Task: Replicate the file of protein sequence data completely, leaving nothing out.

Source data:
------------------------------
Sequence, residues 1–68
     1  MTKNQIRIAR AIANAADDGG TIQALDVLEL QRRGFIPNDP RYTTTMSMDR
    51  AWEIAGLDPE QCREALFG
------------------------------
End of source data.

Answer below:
Sequence, residues 1–68
     1  MTKNQIRIAR AIANAADDGG TIQALDVLEL QRRGFIPNDP RYTTTMSMDR
    51  AWEIAGLDPE QCREALFG